Feature photo by reneemudd
It can be difficult to dress for the holidays. I haven’t really had that much of a problem since, very recently, only the immediate members of my family (my parents and sister) decided to just do our own thing independent from the rest of the family. My parents might stop by someone else’s party later in the evening but for the most part, it’s just us.
However, for many other people, you’re staring at your watch, counting down the minutes until you can fuck off amongst the orchestral dissonance of your uncle strangling your father or your cousin’s awkward coming out between the sweet potatoes and dessert. Before your second serving of cranberry sauce or fifth glass of wine, you start to wonder how you could be in the adult swim of this genetic pool. Then, as if by some surprise clockwork that almost always has been the routine for hundreds of years, the top button of your pants has reached a projectile or the last remnants of elastic on your Spanx gives out, and will indeed bajulate the presence of your family- those drunken bastards who speak with their mouth full.
The thing to remember about the holidays is that it takes all kinds. You need not abide by everyone else’s traditions. The etymology of the word “tradition” is derived from the Latin “traditio” which means delivery, surrender or handed down. It should not mean by any stretch of the imagination (which is where these so-called traditions come from) you’re obligated to surrender. The root of traditions stem from beliefs and beliefs are mega-personal entities that focus on your specific life’s challenges and wins and not that of a larger groups’. The following are three traditions that reserve your style and make it easier for you to go out, get drunk and dread the vomit-inducing time known as “Christmas” to the laymen and “The Holiday Season” to the State.
This seems like a given and perhaps even a rule for some other topic or article, but this will only help you out in all aspects of the nights to come. First of all, there isn’t anything worse than being gassy at a bar or worse yet, when making, ahem, connections. There is no reason to punish the interested party because you couldn’t get enough of your Aunt’s cabbage and bean dip. Also, there is a level of comfort that is at stake which is the ability to walk around without feeling heavy. Whatever you end up wearing (if you do change from your cranberry sauced-soaked turtleneck), you’ll wind up making yourself look terrible in it, no matter how flattering it could be, because you feel so full. Leave the seconds for the day after when you’ll really want it.
Don’t Wear Holiday Inspired Attire:
Do you remember the opening scene of Bridget Jones’s Diary? Bridget comes home and wears what looks like a early 80s morning television and Mark Darcy wearing a reindeer sweater. The both of them meet for the first time, presumably the victim’s of their mother’s affection for doggedness in matching them both up. Their famously terrible first impression is tantamount to why you can (and sometimes should) say no to your mother in matters of wardrobe. Their level of sophistication is completely different than yours and both of you think neither of you have it or get it. If you can’t bear to say no, buy something ridiculous for your mother to wear and I think she’ll reject her previous intervention.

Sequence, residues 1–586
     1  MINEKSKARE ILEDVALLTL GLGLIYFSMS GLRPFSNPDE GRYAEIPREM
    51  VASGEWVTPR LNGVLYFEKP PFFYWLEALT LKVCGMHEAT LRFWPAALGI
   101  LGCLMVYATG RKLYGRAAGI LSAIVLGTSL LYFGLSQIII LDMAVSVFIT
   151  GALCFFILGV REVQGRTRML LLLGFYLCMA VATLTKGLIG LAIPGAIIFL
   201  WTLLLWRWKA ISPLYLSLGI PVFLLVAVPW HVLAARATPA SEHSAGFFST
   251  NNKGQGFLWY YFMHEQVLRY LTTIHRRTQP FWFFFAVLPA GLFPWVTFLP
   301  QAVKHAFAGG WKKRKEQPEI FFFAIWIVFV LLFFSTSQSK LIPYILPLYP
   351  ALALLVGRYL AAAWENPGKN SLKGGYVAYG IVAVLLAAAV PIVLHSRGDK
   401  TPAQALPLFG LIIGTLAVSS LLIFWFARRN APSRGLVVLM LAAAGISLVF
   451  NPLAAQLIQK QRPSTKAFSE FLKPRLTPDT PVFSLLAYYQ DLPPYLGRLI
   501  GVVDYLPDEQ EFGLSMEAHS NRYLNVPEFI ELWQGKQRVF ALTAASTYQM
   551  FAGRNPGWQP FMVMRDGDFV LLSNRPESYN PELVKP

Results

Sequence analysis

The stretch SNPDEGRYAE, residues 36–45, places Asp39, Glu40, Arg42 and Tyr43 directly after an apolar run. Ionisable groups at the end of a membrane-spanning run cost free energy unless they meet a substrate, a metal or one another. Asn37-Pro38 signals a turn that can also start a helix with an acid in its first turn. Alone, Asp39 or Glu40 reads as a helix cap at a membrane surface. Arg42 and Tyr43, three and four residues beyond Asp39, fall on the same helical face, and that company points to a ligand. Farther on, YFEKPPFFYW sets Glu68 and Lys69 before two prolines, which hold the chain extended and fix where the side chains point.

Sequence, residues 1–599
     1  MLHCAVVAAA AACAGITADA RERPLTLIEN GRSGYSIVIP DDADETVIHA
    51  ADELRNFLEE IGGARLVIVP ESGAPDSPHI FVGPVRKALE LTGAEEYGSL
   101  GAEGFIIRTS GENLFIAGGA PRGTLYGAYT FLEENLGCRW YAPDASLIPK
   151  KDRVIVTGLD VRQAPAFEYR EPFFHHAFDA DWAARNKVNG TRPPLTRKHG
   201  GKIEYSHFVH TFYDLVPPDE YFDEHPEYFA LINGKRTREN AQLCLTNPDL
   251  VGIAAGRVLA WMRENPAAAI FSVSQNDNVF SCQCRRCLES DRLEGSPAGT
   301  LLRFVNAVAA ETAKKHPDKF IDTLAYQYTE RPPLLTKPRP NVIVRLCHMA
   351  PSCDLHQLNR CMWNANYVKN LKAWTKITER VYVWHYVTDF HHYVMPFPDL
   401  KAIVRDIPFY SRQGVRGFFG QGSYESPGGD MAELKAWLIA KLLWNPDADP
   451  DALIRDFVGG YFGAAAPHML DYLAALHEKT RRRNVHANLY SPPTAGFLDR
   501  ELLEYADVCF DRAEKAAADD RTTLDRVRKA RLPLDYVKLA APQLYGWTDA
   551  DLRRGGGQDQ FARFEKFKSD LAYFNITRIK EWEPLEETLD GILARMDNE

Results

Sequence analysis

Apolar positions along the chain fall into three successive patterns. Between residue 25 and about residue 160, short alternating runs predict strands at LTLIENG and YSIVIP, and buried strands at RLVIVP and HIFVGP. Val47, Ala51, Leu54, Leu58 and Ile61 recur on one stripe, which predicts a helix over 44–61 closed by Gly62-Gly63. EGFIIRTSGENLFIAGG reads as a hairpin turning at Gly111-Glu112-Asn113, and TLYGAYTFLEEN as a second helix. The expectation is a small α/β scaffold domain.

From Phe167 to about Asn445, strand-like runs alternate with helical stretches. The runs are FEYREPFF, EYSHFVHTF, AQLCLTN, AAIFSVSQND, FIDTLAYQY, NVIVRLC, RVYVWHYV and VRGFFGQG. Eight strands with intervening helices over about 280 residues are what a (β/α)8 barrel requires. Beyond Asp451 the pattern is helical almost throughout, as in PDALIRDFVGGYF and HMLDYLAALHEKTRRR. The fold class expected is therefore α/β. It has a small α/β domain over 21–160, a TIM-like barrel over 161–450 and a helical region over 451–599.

Be Seasonally Appropriate:
When I say seasonal, I don’t mean it in the cultural sense. Chicago is notorious for extreme weather patterns that can change as fast as The Black Eyed Peas can sell out. There is a time and a place for t-shirts or short skirts and frankly, this isn’t one of them. Yes, we all want to look and feel attractive but at what cost? Besides, it’s going to look awfully strange if you do look sexy and you just came back from a family dinner. Also, there isn’t anything more off-putting than desperation, and in near freezing weather, you can bet you’ll be going home with your friends. . . or a pimp.
In the end, one need not follow these rules, one need not follow any rules. The simple joy of being around family and friends in a collective setting should be the only thing that binds you to the holidays and, in all actuality, there is no reason to go out. Getting fun with your reconciled uncle and father is a lot more fun than being witness to a new fight between people you don’t know or care about. I mean, how more plebicolar can you get?
Save me some of those buttered peas and until next week (I’m taking a conscious effort to forget the holidays) don’t be a stranger but, do be stranger.